More dignified than laxative ads? Photographer: John McDonnell/The Washington Post via Getty Images
More dignified than laxative ads? Photographer: John McDonnell/The Washington Post via Getty Images

This week, the U.S. Patent and Trademark Office canceled the trademark of the Washington Redskins on the grounds that the name was “disparaging” to Native Americans. The football team’s owner, Daniel Synder, has vowed to appeal the decision. No doubt he will continue to maintain that the name is a “badge of honor” for native peoples.

Snyder may genuinely believe that making millions from the sale of cheap merchandise adorned with pictures of Indians is a celebration of Native American pride. History suggests otherwise, however.

Americans (the non-native kind) haven’t always tried to profit from images of Native Americans. In fact, it was only after they had been almost exterminated by military force and disease, had their lands confiscated, and their tribes dispersed that Indians found themselves resurrected in commercial hell, as adornments for the packaging of a host of products in 19th-century America.

Patent medicine was the first business to seize on this branding. Bogus remedies that promised to cure everything from hemorrhoids to baldness to impotence (often all at once) were marketed with the image of a “noble savage” who allegedly had access to arcane medical lore desperately needed by city dwellers eager for a cure.

In the 1870s and 1880s, the brazen appropriation of Indians in advertising hit new highs. The Kickapoo Medicine Co., for example, built a national brand on the backs of the Kickapoo people of the Midwest. Concocting tinctures and potions -- Kickapoo Indian Oil, Kickapoo Indian Worm Killer, and Kickapoo Indian Sagwa, a “blood, liver, and stomach renovator” -- two fast-talking white entrepreneurs traded off the tribe’s name to hawk bogus cures.

The company’s proprietors marketed their wares during elaborate “medicine shows” featuring performers, some drawn from nearby reservations, who would give “authentic” portrayals of native life (one of the more popular consisted of dramatic scenes of Indians slaughtering white settlers.) According to historian Kevin Armitage, almost 80 of these sales troupes would tour the U.S. at any given time, extolling the restorative powers of Kickapoo Sagwa, which was nothing more than a powerful laxative.

Other patent medicine makers deployed similar techniques. There was “Dr. Morse’s Indian Root Pills,” bursting with special plants that the good doctor had acquired from the wise “Red Men of the forest.” (Dr. Morse was a fiction, as was the curative powers of the pills). Then there was Seminole Cough Balsam; Nez Perce Catarrh Snuff; Pocahantas Bitters; Comanche Blood Syrup; and many others.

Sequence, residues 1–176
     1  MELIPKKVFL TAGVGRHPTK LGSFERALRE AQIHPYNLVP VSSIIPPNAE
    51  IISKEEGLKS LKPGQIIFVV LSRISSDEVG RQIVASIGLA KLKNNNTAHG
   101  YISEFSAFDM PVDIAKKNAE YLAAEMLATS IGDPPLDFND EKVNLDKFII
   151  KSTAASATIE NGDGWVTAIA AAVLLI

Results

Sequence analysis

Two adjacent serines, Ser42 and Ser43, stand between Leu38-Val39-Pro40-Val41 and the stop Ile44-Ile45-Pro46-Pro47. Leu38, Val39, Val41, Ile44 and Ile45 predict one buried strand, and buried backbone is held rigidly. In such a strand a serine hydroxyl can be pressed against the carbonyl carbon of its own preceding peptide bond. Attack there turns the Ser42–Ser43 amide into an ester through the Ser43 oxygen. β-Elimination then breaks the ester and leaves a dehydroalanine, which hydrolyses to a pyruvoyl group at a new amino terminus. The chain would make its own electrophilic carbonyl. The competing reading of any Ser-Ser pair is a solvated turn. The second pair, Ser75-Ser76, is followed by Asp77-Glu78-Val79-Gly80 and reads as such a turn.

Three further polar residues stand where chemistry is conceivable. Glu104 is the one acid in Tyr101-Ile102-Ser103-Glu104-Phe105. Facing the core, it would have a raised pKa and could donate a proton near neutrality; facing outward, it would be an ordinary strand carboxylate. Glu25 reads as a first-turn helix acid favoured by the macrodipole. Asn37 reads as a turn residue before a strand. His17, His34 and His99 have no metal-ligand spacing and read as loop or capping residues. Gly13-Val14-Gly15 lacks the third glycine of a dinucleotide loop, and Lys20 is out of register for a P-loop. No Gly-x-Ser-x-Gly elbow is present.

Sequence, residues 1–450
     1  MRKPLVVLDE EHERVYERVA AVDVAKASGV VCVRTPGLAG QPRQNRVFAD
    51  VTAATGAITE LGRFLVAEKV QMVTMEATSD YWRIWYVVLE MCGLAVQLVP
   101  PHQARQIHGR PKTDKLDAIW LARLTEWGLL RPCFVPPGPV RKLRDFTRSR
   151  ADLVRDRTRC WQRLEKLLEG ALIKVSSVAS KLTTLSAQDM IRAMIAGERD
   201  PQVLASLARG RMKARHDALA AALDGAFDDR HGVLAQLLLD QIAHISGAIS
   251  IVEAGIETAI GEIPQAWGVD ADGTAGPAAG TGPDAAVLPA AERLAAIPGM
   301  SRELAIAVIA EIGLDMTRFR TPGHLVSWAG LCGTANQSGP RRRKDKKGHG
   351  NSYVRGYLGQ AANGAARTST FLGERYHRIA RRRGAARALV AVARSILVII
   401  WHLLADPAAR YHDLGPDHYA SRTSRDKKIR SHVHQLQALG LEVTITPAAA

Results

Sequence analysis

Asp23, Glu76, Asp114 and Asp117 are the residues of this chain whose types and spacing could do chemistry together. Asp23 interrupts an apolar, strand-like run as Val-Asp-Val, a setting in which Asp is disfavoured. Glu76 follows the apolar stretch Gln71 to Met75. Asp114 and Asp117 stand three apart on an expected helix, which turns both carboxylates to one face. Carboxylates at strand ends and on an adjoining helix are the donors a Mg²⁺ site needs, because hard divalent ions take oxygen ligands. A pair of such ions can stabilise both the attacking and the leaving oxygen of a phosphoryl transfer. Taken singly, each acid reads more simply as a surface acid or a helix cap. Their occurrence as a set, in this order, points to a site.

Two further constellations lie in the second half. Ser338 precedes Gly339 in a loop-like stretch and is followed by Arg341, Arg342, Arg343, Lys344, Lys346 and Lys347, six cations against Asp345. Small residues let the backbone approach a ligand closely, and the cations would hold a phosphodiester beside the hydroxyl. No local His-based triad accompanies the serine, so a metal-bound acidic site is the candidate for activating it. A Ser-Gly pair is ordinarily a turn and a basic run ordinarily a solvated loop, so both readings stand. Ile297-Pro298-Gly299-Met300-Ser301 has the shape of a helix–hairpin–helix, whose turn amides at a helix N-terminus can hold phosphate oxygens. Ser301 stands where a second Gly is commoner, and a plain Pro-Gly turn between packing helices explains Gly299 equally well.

The timing of this mania for aboriginal cures was perverse.

“By the grimmest of ironies,” medical historian Barbara Griggs says, “this commercial boom in ‘Indian’ medicine coincided with the deliberate destruction of that Indian culture and civilization from which it borrowed its trade-names.”

But the borrowing was far from over. Indians had been the first peoples to smoke tobacco -- for ceremonial purposes initially. Perhaps for this reason they ended up adorning the advertising and packaging of countless tobacco companies in late-19th-century America, including Black Hawk Cigars, Red Indian Cut Plug Tobacco, Indian Girl Chewing Tobacco and Injun Cigars. Most of these disappeared long ago, though a few -- Red Man Tobacco, for example -- remain. (Not to mention more recent products such as Natural American Spirit cigarettes, which promise "100% Additive-Free Tobacco.")

Indians also were ubiquitous in the product names and packaging of anything connected to the land (the same land, it should be noted, that had been taken from native peoples). As a consequence, the image of the stern Indian (or scantily-clad Indian princess) became a totem of late 19th-century advertising, testifying to the virtues of corn starch, farming implements and popcorn.

It was only a matter of time before Indians -- or caricatures thereof -- ended up appropriated as mascots for the increasingly profitable business of professional sports. Here the appeal lay in native people’s alleged ferocity and martial spirit, which could be repurposed on the athletic field, complete with tomahawk chops, war dances, teepees and other paraphernalia. The Boston Braves baseball team, born in 1912, was one of the first, followed by the Cleveland Indians in 1915. Dozens of professional and collegiate teams soon followed suit.

As Snyder has found out, the pretense that these mascots are harmless homages to native peoples has become increasingly harder to sell.

To contact the writer of this article: Stephen Mihm at mihmstep@yahoo.com.

To contact the editor responsible for this article: Max Berley at mberley@bloomberg.net.